Gansler gets backing of black leaders

Wynn, Johnson endorse state's attorney candidate

August 02, 2006|By ANDREA F. SIEGEL | ANDREA F. SIEGEL,SUN REPORTER

Two of the most prominent political leaders in Prince George's County plan to announce today that they are backing Douglas F. Gansler for attorney general, giving the Montgomery County prosecutor key African-American support in the largest Democratic jurisdiction in Maryland.

The endorsements by Rep. Albert R. Wynn and Prince George's County Executive Jack B. Johnson are a sought-after boost for Gansler in the state's second-largest county, where African-Americans comprise a majority of the population.

They are also sobering news for the two other Democratic candidates seeking their party's nomination to replace retiring Democratic incumbent J. Joseph Curran Jr.: Stuart O. Simms, the former Baltimore state's attorney who is the only African-American candidate in the contest, and Thomas E. Perez, about half of whose Montgomery County council district lies in Wynn's congressional district.

A Sun poll last month showed Simms in a statistical tie with Gansler among likely primary voters, with a 15 percent to 12 percent advantage that was within the survey's 4.1 percentage point margin of error. Two of three likely voters were undecided.

"Obviously, this does hurt [Simms], not to have their endorsement," said C. Vernon Gray, a Morgan State University political science professor and former Howard County councilman.

The announcement is scheduled for this morning at Johnson's re-election campaign office in Largo. In a prepared statement yesterday, Wynn said he and Johnson believe Gansler has the "work ethic, experience and commitment to do a great job as attorney general."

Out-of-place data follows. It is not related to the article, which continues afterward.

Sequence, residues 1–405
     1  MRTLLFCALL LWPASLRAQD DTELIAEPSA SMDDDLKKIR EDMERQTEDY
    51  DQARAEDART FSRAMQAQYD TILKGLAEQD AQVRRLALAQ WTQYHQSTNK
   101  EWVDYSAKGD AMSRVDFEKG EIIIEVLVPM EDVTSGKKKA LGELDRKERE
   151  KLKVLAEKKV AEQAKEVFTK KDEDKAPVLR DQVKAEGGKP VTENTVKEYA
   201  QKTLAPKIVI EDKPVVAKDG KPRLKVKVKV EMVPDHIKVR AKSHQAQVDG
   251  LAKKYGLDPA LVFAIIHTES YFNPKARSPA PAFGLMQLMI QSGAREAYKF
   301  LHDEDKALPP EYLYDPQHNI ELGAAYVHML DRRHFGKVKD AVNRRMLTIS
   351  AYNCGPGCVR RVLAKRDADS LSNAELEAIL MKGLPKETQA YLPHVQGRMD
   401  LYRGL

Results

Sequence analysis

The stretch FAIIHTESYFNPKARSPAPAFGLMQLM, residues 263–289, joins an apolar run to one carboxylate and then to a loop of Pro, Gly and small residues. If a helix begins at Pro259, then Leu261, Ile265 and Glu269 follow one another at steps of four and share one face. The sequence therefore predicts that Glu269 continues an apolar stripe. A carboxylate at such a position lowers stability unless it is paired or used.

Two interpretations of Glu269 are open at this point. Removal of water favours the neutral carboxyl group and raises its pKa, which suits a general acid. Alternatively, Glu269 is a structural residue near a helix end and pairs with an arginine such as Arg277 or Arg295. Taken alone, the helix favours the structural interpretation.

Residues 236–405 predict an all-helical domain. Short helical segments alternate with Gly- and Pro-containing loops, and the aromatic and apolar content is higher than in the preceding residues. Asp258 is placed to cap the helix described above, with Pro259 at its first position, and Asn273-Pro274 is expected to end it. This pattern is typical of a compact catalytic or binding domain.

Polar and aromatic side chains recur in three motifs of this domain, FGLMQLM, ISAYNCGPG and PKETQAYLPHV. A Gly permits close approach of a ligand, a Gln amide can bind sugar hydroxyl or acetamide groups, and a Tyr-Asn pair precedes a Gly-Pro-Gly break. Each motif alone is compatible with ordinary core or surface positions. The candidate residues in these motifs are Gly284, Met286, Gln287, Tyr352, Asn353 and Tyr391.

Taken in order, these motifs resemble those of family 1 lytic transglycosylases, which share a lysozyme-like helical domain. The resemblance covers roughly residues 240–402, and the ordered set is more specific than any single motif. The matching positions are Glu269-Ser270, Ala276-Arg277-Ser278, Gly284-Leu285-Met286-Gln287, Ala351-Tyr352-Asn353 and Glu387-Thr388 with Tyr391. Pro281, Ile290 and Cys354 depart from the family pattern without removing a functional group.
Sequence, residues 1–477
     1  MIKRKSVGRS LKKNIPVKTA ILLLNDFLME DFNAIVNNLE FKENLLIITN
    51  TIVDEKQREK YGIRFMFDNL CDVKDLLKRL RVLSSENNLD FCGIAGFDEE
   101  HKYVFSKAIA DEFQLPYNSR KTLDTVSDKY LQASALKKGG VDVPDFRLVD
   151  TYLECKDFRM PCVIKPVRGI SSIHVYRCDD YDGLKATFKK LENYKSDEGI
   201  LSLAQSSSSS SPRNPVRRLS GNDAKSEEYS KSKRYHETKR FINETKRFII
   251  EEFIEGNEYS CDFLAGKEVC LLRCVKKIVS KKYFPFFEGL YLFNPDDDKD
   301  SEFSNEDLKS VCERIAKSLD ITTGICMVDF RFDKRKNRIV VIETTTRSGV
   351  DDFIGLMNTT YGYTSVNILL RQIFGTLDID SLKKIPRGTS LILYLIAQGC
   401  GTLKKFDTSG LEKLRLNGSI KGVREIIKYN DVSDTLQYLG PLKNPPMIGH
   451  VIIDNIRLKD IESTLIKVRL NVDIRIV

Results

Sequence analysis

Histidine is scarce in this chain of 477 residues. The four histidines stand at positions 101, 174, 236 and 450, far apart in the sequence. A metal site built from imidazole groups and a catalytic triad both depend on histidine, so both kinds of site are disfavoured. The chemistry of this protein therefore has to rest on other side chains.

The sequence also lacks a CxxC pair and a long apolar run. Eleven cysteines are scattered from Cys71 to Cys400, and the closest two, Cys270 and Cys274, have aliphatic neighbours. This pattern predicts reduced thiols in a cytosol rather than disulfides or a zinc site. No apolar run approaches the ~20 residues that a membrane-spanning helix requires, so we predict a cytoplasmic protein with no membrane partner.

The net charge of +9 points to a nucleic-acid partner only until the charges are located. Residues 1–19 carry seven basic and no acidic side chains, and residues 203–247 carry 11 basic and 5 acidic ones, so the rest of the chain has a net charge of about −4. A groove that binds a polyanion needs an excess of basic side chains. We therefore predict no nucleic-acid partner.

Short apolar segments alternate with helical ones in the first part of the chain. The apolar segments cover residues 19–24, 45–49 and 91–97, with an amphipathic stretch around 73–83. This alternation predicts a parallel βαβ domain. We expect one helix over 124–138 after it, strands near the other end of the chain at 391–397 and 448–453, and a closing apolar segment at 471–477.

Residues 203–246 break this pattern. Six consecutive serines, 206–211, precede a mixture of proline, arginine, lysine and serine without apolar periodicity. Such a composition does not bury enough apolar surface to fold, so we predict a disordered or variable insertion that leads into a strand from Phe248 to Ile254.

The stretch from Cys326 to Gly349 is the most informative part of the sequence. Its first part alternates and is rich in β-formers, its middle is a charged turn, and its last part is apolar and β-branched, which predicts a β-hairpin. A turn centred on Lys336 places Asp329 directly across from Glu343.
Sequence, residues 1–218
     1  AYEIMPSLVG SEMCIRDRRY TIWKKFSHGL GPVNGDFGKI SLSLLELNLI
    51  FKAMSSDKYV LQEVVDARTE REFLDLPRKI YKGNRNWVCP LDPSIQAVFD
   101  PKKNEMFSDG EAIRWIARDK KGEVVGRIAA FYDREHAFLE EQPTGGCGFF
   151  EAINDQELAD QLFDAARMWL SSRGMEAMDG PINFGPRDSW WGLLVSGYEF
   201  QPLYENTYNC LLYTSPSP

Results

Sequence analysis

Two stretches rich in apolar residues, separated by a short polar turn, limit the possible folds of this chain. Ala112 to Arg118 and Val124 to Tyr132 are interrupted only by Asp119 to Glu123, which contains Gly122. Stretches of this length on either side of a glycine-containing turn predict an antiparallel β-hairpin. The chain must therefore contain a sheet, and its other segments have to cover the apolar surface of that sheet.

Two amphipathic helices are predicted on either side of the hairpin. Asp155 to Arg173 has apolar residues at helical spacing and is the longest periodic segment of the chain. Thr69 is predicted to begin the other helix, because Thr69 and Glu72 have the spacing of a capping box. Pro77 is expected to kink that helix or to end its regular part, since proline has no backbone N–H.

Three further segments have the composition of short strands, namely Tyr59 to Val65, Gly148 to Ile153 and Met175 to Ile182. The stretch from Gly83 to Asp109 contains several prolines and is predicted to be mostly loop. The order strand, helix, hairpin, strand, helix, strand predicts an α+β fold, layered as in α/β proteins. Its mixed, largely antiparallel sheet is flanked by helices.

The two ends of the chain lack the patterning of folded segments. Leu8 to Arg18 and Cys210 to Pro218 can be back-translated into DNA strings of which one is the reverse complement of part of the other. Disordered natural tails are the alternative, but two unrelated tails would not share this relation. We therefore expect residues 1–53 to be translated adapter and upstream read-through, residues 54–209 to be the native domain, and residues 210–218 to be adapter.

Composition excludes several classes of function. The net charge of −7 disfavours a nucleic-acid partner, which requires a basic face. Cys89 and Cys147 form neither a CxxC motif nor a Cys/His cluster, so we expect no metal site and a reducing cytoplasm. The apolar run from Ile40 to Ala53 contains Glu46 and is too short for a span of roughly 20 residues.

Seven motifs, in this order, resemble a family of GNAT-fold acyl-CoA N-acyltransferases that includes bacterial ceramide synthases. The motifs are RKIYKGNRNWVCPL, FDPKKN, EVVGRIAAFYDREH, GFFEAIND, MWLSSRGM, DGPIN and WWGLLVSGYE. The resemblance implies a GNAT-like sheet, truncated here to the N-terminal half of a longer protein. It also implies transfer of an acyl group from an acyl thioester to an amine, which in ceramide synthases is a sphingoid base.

African-Americans make up more than one-third of the registered Democrats in the state, party officials say, raising the importance of support from Prince George's Democrats. No candidate for attorney general hails from the county.

Gansler said the endorsements reflect the diverse appeal of his candidacy.

"Not only do they represent two of the most powerful positions in the county, but both Jack Johnson and Al Wynn have strong independent organizations, where they turn out the people and turn out the vote," Gansler said in an interview last night.

Gray, the Morgan State professor, said that black voters are not monolithic in their thinking and are willing to support qualified candidates of any race.

Simms campaign chairman Larry Gibson downplayed the importance of the individual endorsements, but noted that Prince George's County State's Attorney Glenn F. Ivey, who is black, and Senate President Thomas V. Mike Miller, who is white, are among elected officials with ties to the county who have endorsed Simms.

"If quantity of endorsements decides this, we feel very good; we have more to come," Gibson said. "Stu would like all endorsements, but he does not expect them to be unanimous."

The announcement comes as the Simms campaign undergoes a restructuring, shedding its manager and spokesperson. The changes are being made because "we simply could not afford a huge paid staff," Gibson said.

Simms was the running mate of Douglas M. Duncan, the Montgomery County executive who withdrew from the governor's race in June. As a result, the Simms campaign for attorney general got a late and ill-funded start. Duncan's campaign gave Simms $6,000, the maximum legal campaign transfer.

Luke Clippinger, campaign manager for Perez, said Perez was "seeking everybody's support" and building a grass-roots campaign. "Endorsements matter, but the message matters, too," he said.

Perez has the backing of large unions, whose members have turned out for candidate events and have the potential to send a large number of voters to the September primary. "That helps to mitigate this a little bit," Clippinger said.

The primary winner is expected to face Frederick County State's Attorney Scott L. Rolle, the presumptive Republican nominee.

andrea.siegel@baltsun.com

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